A Chicago Bears insider recently reported the high volume of screen pass attempts against the Minnesota Vikings Monday night was the choice of quarterback Justin Fields. Many Bears fans and pundits on social media (including me) were criticizing offensive coordinator Luke Getsy for his play calling.
Per Courtney Cronin with ESPN, Fields threw 13 screen passes against the Vikings and 21 total passes behind the line of scrimmage. Much of the quick passing was due to the Vikings’ pressure on Fields.
Per @ESPNStatsInfo, Justin Fields was blitzed on 52% of his dropbacks. The Bears tried to combat that with a horizontal passing game (13 screen passes) that led to Fields lowest air yards per attempt (2.4) and air yards per completion (1.9) of his career.
Fields threw 21 passes…
— Courtney Cronin (@CourtneyRCronin) November 28, 2023
Brad Biggs claims the screen passes were on Justin Fields
While there is still room to complain about Getsy and the Bears’ offense, it appears much of the choice to throw screens came from Fields’ decision-making. Brad Biggs with the Chicago Tribune wrote that the decision to throw screen passes and the ineffectiveness of the result wasn’t all on Getsy. Biggs wrote many of the screen passes came on run-pass options play calls:
“After rewatching the game, my interpretation is a lot of these plays were RPOs, meaning Fields had the opportunity to run, hand the ball off or throw a screen. When he was checking to screens, it was a simple presnap numbers game.
The Vikings were overloading the defensive line throughout the game, and whether they were coming with pressure or dropping out, it didn’t matter. That’s a presnap count and with seven in the box on a lot of occasions, there was no place to run.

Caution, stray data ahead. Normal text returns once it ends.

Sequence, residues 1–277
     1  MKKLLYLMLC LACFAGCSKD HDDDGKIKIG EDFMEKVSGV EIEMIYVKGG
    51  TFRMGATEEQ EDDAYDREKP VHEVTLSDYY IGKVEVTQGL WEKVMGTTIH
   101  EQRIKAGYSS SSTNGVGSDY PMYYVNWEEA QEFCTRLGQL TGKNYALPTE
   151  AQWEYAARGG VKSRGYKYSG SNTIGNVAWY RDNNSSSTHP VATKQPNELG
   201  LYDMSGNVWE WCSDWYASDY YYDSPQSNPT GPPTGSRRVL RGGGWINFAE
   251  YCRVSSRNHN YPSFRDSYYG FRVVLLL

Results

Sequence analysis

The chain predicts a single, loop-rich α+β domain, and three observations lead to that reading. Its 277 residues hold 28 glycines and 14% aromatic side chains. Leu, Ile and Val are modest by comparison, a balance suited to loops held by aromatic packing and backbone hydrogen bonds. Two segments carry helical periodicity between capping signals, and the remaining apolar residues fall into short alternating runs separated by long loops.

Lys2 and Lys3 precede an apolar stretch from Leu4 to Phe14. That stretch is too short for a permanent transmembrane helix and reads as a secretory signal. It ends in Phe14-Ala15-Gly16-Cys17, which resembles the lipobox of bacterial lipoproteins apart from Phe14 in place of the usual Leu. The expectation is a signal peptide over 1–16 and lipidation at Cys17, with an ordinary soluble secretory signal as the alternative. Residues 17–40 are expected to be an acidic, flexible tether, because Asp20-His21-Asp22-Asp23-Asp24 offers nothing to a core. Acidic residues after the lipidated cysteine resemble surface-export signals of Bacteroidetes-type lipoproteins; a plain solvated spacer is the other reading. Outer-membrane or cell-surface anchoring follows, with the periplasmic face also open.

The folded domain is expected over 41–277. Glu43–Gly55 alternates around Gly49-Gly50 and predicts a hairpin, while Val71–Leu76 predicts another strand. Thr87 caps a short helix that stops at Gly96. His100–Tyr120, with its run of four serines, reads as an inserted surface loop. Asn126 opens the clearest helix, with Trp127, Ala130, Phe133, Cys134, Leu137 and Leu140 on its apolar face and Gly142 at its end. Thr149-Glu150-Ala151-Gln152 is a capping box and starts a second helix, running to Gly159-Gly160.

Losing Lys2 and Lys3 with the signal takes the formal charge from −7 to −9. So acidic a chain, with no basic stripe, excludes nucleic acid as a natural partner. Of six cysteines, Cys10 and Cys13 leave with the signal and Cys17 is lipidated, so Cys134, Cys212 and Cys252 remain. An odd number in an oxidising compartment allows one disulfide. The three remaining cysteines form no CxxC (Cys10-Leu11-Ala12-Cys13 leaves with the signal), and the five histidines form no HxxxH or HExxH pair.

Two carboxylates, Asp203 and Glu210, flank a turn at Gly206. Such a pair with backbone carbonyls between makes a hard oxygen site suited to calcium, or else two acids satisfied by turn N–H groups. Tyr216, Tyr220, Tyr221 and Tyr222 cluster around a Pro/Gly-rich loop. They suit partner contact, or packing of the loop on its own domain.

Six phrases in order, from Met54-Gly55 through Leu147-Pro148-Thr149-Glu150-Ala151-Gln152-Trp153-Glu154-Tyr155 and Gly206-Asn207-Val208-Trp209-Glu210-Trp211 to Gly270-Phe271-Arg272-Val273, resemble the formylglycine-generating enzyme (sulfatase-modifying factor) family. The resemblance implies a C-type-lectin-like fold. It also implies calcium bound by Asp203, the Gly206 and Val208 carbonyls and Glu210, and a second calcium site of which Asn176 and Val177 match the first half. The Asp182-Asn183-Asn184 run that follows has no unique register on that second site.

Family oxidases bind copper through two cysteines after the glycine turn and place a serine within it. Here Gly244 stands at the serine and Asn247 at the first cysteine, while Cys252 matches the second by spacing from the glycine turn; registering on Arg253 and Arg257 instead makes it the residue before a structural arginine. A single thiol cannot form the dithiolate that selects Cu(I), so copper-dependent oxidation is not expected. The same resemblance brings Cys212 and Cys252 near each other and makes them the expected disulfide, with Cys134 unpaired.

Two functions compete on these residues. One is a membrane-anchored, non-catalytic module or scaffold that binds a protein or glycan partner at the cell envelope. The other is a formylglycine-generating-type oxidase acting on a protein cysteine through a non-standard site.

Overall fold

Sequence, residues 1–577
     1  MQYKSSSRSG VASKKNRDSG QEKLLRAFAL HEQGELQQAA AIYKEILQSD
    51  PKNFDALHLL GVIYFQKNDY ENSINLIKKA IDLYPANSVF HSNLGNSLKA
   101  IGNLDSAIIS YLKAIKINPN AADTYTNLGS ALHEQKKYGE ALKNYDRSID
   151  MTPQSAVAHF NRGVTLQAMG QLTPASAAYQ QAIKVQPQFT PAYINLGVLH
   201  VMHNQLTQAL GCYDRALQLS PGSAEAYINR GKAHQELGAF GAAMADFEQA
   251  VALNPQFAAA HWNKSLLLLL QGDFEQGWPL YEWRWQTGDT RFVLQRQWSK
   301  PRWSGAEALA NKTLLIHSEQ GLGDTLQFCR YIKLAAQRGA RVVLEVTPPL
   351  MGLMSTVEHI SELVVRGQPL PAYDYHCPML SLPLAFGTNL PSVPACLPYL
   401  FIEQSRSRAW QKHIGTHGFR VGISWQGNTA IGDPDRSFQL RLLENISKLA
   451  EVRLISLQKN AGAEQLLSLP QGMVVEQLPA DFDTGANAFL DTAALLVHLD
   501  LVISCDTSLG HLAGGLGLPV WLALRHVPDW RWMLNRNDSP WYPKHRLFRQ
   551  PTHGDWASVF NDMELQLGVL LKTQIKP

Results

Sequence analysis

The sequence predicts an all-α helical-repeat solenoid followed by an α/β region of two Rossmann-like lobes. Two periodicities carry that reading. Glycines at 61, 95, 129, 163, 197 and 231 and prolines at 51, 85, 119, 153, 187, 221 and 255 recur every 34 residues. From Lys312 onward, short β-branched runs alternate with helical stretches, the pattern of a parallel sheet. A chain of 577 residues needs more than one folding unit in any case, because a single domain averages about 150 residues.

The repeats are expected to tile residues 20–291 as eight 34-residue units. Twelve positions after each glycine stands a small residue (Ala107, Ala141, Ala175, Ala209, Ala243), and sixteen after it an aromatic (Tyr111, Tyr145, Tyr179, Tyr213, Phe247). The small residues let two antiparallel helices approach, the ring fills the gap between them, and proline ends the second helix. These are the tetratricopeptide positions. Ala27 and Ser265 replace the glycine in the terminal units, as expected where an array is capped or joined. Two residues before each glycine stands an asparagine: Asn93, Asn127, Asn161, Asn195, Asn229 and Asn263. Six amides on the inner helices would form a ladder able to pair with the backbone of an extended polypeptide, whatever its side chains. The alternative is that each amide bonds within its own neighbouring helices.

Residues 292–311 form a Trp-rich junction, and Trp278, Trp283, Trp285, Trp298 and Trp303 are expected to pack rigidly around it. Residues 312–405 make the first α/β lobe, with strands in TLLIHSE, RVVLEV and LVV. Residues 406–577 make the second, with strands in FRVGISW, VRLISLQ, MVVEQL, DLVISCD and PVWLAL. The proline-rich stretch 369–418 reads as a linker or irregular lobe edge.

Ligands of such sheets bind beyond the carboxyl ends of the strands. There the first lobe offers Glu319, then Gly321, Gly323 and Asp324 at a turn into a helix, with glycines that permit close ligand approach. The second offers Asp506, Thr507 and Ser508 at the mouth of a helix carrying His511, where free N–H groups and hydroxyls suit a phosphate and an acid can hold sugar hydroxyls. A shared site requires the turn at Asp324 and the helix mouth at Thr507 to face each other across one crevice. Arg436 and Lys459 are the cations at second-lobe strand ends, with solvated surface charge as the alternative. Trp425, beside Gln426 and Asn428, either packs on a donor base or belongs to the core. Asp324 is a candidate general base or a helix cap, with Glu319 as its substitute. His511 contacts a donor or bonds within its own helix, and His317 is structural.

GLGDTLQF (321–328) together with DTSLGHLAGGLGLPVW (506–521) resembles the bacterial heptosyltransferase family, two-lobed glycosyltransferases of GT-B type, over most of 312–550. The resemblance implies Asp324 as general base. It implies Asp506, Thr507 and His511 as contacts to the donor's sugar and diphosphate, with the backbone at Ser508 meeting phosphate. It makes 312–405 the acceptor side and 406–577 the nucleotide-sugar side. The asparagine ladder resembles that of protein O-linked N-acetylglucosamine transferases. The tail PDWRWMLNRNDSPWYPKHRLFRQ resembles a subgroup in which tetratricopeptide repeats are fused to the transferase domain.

Throwing the ball on the perimeter is a quick and easy answer to pressure, and the Bears were totally overmatched by Minnesota’s pressure in the first meeting this season. Fields and the offense were paralyzed into the third quarter of that game before he was injured.
Throwing screens doesn’t require reading the defense. Count the numbers before the snap and let it rip. On some of the screens that didn’t work, it was a combination of lack of execution by the Bears and a good play by the Vikings on the edge because the numbers were there for the offense.”
Biggs’ explanation won’t stop Bears fans from wondering why Getsy continued to dial up RPOs throughout the game when they weren’t working. Biggs seems to think that was the only choice Getsy had.
And that might be the case–probably because Getsy’s offense sucks.
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